Classical education of EMF generation usually starts with something like this: Wire in a magnetic field

Where a wire is placed within a magnetic field and moved to create EMF. Or this: Magnet moved within a coil

Where a magnet is moved within a coil.

In both of these examples, the conductor has magnetic flux lines cutting and traveling through it.

In a generator, the stator is usually constructed with teeth holding the coils. These teeth focus and channel the flux, so that the flux path is through the teeth: the flux is concentrated within the teeth.

Generator Example

In this way, how is EMF generated if no flux actually cuts through / crosses the conductors, but rather travels between them?

  • \$\begingroup\$ To stay in that simplistic picture, the flux crosses the conductors. See how during the clockwise movement of the rotor, the flux first in going along the rotor direction, then against it, then along again? \$\endgroup\$ – Janka Jul 6 '17 at 9:50
  • \$\begingroup\$ The flux is concentrated in the teeth. If you plot |B| across the slot, it is ~0 across the windings, then high across the tooth, then ~0 across the other side of the coil. There is no flux in the windings \$\endgroup\$ – wevcore Jul 6 '17 at 10:06
  • \$\begingroup\$ Please step back to the two-pole machine first. Then you see how the flux is going right through the rotor, and back through the shell. \$\endgroup\$ – Janka Jul 6 '17 at 10:12
  • \$\begingroup\$ @wevcore the diagram of the alternator would not work as shown and the flux would be, as you imply constant in each stator pole hence unchanging. The diagram is flawed I believe and neither does it clearly hint at any output terminals or what causes the north and south poles. \$\endgroup\$ – Andy aka Jul 6 '17 at 10:12
  • \$\begingroup\$ @Andy Aka: No, that diagram is ok. It's just that the OP ignores the flux arrows through the rotor for some unknown reason. \$\endgroup\$ – Janka Jul 6 '17 at 10:15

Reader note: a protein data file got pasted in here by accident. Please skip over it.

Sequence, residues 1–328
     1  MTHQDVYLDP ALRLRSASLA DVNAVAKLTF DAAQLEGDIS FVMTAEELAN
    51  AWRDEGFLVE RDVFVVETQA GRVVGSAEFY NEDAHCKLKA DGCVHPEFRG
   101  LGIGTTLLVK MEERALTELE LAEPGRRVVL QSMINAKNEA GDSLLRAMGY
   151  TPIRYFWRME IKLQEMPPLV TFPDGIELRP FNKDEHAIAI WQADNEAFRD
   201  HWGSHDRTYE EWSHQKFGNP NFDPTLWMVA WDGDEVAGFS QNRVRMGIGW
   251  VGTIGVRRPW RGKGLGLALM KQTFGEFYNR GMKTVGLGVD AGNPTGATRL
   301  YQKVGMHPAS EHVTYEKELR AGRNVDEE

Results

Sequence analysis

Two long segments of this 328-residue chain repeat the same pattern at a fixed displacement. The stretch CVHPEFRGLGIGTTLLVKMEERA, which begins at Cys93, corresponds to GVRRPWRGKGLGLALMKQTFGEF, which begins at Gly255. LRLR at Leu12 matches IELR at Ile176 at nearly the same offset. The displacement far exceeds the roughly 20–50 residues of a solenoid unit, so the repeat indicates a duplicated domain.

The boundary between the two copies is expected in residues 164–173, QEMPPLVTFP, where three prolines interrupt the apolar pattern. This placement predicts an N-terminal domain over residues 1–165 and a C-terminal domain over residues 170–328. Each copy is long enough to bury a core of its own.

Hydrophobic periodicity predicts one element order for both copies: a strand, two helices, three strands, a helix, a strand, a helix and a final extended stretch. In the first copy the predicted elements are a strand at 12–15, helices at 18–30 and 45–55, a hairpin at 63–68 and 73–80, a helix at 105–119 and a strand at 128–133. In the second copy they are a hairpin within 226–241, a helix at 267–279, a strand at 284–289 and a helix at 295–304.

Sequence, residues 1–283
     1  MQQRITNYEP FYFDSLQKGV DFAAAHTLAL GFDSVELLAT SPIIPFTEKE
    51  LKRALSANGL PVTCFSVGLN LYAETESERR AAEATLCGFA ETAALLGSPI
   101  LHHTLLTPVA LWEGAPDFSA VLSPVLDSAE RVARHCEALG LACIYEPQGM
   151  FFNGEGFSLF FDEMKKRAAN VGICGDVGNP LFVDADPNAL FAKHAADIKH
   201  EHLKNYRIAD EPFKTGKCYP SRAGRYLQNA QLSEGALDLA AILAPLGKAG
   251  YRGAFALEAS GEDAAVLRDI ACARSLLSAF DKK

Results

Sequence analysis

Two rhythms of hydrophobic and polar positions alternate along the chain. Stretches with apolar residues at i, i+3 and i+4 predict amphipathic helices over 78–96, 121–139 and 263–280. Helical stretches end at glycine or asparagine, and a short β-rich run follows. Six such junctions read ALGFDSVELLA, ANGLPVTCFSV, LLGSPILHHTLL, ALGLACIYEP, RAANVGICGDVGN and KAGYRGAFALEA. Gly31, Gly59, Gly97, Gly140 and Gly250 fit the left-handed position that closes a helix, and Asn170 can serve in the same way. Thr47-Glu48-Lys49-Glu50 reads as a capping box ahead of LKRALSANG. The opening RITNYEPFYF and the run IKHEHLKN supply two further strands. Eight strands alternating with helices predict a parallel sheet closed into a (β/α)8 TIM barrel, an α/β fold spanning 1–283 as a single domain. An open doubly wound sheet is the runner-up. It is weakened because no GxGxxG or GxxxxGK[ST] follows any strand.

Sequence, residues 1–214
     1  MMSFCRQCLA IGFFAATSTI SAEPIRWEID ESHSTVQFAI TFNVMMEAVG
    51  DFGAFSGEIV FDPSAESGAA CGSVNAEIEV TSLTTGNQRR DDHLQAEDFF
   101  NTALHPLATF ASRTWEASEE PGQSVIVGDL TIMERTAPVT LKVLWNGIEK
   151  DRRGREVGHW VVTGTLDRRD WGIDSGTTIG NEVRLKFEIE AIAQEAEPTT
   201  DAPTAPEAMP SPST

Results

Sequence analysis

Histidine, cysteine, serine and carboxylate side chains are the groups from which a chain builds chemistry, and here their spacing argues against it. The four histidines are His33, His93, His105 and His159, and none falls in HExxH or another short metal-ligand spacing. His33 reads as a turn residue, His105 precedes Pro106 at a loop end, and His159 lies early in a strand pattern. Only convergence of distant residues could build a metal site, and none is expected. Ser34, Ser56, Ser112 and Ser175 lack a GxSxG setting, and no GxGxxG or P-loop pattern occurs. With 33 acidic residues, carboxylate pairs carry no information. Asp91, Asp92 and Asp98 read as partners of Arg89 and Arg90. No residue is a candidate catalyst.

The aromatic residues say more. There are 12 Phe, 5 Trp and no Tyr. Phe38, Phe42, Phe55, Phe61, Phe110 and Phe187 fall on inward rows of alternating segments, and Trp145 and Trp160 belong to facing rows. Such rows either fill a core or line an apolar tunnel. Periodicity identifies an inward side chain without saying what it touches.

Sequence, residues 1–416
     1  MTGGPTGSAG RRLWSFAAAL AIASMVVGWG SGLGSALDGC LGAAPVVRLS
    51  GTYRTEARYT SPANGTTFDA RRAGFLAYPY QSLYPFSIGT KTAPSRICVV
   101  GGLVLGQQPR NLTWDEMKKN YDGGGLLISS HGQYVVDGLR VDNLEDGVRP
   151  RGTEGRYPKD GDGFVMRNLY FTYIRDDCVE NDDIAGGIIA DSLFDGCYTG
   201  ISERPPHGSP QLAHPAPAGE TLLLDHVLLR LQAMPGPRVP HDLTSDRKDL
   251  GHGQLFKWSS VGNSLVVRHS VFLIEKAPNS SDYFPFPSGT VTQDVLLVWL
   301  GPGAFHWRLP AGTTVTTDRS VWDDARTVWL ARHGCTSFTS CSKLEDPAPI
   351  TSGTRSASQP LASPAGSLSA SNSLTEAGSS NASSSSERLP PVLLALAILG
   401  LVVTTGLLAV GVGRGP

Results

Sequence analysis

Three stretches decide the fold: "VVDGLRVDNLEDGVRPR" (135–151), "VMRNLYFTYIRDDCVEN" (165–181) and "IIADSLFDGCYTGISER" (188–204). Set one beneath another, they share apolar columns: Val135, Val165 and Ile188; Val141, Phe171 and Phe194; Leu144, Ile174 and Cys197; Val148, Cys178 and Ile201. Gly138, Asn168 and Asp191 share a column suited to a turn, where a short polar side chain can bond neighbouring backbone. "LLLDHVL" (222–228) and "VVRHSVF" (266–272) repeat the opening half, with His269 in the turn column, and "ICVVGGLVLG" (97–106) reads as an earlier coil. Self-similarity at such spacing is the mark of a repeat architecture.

You have a misunderstanding here. Moving the wire in the flux is not the trick. The trick is to change the flux that goes through a wire loop. Moving a part of that wire loop so that the moving part cuts the flux lines is only one way to change the flux throug the loop. Other ways, such as rotating a magnet (a permanent one or electric) inside a generator also cause changing flux through a wire loop (=through the winding).

If we watch carefully your generator, we can see moving wires that cut the flux. Here is still no need for deeper explanations than you had in your 2 first images. But there are generator types which have no moving wires cutting the flux.

Another useful thing to know:

The emf in a generator or as well in the secondary winding of a transformer is not an interaction between the wire and the magnetic field. The emf exists as circular electric field around the changing flux. That's the induction. Metal wires conduct the electric field field for us to use. That conducting is known as influence. Having several turns in a winding is the way to have the emf connected several times in series.